...we're just a union like any other.

Tuesday, May 11, 2010

Montgomery County Budget Woes

I suppose I don't really have much to say about the budget and furloughs and the politics that goes along with it. It's all just a bit much, and there are other websites that do a heck of a job following the mess of a process. I read those articles, and associated commentary, and then I try to read messages delivered by my union representatives and I can only come to one conclusion: I've got almost no idea what is actually happening. County Councilmen are claiming they have to raise the reserve requirement from 5% to 6% to maintain a AAA credit rating while the union reports back that only one of three rating agencies suggested this was really necessary (but that 3rd one is more concerned about other areas). So the council would lie because... (seriously, someone help me out)??? And now the Board of Education has approved a law suit against the county council for cutting funds because somehow the county council is not in charge of the budget, even though they think they are, or something more sophisticated than that but not really. As I've said before, this is more than any good citizen should have to bare.

I do know this. MCPS is a huge bureaucracy that has grown considerably over the last decade. From the PAR program, to the Northeast Consortium, to the creation of staff developers in every school building, to other expenses no one thinks twice about, hundreds of millions of dollars in programs have been put into place. I've got no problem with any of these programs as a stand alone program. But the problem is they are never truly reevaluated. Maybe I'm wrong, but does anyone have a sense that red pens are ever taken to these programs? We are never trimming fat, only adding it. We add these programs and they immediately become fixed costs that cannot be sacrificed. Then, when the budget gets smaller, there's nothing to cut. It's time like these that private businesses make hard and difficult decisions to become leaner and more efficient. They cut investments in physical capital, and unfortunately, human capital. They do this, so that when business returns to normal, they deliver a higher quality service than when they started. The question I have is whether furloughs will do this.

The seniority system defended by the union prevents MCPS from becoming a better, higher functioning educational system. No one likes to fire people, and I certainly benefit from the protections of tenure, but our youngest teachers should not bare the brunt of firings simply and only because they are youngest. Imagine how much students would benefit if 300 of the least effective educators were fired instead of 300 of the youngest?

That's the sad part of this whole quagmire: MCPS and the County are going to be no better off when this is over than when it started.

Monday, May 10, 2010

Another Progressive Union

This one in Washington. Or wait, this other one in Indiana. Young teachers going again before the tenured ones. Do you know that as a teacher, the only thing you can do to "earn" more money is to do something besides teach? That's right, do something besides focus on the quality of your teaching, and you can earn more money. Be a baseball coach (everyday after school) and you can earn more money. Stay and work on a killer lesson, and you get nothing. Now that's progressive.

From the Seattle News Tribune:

Gordon, 27, teaches English - including Advanced Placement English. He's the faculty adviser for the school's Key Club, Latino Club and the junior class. He mentors students at First Creek Middle School.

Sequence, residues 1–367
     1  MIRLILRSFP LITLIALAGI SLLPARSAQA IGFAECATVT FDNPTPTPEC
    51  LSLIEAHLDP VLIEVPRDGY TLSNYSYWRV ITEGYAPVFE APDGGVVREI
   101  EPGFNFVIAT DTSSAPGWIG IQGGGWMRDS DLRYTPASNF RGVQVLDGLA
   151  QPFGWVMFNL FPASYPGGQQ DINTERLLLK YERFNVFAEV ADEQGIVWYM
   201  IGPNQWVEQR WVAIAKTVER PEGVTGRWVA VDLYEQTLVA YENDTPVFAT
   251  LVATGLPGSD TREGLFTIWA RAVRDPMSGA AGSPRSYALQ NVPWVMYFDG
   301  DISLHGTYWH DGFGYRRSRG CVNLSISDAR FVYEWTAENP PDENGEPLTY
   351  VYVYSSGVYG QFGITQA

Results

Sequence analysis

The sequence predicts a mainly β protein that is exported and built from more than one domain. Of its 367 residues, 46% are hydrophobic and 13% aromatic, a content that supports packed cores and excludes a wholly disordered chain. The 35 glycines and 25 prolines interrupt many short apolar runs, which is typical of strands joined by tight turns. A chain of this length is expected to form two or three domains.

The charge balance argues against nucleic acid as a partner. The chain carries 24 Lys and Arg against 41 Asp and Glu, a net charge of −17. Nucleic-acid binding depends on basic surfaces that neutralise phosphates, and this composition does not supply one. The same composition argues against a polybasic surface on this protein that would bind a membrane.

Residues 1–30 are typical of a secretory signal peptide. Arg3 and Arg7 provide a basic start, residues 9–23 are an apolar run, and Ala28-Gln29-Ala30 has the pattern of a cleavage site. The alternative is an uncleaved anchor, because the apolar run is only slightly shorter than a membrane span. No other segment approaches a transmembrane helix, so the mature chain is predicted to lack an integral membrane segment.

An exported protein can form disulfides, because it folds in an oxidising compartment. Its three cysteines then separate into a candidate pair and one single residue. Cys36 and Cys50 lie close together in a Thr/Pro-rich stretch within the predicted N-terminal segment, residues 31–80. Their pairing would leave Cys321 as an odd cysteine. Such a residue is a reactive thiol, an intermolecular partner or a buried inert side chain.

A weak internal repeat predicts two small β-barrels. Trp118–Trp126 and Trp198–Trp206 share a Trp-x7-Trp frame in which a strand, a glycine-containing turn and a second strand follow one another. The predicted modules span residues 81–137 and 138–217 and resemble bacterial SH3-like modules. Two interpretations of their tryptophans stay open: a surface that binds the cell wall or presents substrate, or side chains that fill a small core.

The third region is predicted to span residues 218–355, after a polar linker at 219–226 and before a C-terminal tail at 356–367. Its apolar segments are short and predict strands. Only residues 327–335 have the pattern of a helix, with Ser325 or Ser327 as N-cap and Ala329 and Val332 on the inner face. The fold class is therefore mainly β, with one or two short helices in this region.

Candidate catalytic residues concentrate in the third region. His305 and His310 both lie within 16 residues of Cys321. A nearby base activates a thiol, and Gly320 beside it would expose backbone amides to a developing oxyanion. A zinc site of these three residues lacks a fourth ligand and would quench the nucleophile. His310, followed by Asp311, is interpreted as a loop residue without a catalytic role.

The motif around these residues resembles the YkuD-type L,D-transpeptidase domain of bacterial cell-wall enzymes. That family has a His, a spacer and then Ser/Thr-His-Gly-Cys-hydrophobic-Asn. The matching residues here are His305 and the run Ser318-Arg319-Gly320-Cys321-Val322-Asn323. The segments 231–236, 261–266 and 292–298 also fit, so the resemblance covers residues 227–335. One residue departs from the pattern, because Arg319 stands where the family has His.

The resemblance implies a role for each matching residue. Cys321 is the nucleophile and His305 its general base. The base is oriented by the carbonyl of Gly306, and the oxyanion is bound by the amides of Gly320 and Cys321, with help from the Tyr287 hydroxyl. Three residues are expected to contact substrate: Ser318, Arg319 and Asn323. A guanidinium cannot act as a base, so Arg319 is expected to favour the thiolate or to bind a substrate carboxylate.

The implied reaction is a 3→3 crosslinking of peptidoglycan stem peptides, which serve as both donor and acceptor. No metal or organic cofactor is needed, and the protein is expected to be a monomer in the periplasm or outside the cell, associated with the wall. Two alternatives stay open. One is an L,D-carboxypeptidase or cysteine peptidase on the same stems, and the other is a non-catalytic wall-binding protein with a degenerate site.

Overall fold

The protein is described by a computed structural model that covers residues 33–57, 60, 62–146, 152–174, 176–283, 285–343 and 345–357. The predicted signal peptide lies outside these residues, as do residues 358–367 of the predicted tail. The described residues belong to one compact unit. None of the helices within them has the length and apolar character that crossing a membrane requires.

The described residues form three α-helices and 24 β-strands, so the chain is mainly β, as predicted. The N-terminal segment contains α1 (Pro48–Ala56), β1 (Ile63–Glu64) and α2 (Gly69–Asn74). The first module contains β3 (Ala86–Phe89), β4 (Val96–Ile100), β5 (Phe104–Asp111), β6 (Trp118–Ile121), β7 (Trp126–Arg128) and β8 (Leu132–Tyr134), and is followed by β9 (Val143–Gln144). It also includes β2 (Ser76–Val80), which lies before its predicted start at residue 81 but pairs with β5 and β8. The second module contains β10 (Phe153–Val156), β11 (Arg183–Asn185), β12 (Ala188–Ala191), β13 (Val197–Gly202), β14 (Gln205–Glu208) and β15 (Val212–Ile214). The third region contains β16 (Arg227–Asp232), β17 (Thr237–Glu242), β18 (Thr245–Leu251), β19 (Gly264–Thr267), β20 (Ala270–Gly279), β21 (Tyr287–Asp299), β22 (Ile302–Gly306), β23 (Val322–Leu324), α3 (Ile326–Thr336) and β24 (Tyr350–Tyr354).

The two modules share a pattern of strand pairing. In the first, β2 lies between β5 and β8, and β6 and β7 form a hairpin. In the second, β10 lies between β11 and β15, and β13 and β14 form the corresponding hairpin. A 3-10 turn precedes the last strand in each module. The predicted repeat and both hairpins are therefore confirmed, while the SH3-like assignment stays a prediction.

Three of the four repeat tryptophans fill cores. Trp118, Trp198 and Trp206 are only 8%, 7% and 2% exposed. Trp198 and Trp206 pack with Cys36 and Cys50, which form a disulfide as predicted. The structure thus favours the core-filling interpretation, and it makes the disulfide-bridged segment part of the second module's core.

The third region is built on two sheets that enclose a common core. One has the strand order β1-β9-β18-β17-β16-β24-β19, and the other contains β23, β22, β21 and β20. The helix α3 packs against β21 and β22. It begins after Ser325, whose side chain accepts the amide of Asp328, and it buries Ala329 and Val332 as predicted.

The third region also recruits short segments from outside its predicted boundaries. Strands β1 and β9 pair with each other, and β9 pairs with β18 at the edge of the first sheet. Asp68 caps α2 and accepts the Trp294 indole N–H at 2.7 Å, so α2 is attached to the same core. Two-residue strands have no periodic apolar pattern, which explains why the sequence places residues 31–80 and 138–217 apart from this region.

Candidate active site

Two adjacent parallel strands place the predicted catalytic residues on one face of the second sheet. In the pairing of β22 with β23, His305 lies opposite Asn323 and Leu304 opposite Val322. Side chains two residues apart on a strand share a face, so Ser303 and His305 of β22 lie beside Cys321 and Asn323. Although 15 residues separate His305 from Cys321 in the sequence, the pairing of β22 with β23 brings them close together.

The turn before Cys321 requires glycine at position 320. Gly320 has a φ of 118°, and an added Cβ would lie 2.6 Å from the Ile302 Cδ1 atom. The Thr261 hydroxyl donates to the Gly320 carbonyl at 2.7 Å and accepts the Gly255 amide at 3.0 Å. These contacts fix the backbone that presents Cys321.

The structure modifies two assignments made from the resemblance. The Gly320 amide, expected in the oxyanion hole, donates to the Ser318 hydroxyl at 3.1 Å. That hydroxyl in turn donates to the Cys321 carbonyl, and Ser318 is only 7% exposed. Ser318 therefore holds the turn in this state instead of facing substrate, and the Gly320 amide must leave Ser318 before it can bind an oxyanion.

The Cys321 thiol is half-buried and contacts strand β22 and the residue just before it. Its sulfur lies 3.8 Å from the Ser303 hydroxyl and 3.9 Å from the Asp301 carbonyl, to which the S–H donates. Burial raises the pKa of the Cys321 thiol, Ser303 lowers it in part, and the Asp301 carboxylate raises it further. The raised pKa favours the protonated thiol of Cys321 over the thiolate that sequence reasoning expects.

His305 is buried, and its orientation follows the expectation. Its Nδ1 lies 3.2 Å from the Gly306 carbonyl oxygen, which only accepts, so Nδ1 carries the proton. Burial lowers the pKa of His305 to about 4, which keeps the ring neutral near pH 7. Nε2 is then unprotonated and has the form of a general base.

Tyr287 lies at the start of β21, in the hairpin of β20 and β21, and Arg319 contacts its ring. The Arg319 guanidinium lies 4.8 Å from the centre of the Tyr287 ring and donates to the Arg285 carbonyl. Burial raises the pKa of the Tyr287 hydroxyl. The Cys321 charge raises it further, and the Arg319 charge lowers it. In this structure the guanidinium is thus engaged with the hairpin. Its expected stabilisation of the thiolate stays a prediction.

On this particular week, he also is helping students organize a blood drive. And he will end the week as an emcee at the school's spring sports pep rally, where he will also be named most inspirational male teacher.

In his four years on the Mount Tahoma staff - first as a student teacher, then three years as a full-fledged faculty member Gordon has become a fixture at the school that is also his alma mater.

But his days as a Thunderbird are numbered, because of declining student enrollment and seniority rules that govern how teachers are moved within the school district.

"A lot of our teachers are getting displaced for next year, and they're doing it by seniority," said Mount Tahoma junior Addison Sandoval. "Younger teachers are going to have to leave. Those are the teachers that are active in the school community."

Sunday, May 9, 2010

A new Professional Growth System and Contract for MCEA

I do have some ideas here. And while I agree with certain principles like merit based pay, I really don't know what the specifics should look like. This op-ed in the Washington Post comes off a little extreme in my estimation, although I agree with the sentiment. It seems to me like MCEA could/should endorse an idea that ensures the right to collective bargaining while still promoting competition among its members to be the best possible teachers they can be. Let me just throw out a number. What if 10% of each teacher's salary was determined by a rating scale that evaluated teachers based on, among other things, student achievement data? What is so repulsive about that?

Saturday, May 8, 2010

How Change Occurs

Was reading The Challenge to Care in Charm City, and came across reference to this article by Beverly Anderson in Educational Leadership. It made me think about whether the change Secretary of Education Arne Duncan wants to implement is inevitable. Perhaps all the bickering is just all the powers that be trying to look good with their respective constituents, rather than an honest resistance to change. Here are the six stages of institutional changes as found in the article:

Stages of Systemic Change
Six stages of change characterize the shift from a traditional educational system to one that emphasizes interconnectedness, active learning, shared decision making, and higher levels of achievement for all students. Although Figure 1 displays the six developmental stages as linear and distinct, change is unlikely to follow a linear path. An education system will seldom be clearly at one of these stages but will usually experience “Brownian motion,” going back and forth from one stage to another on the path toward an ideal situation. The six stages are: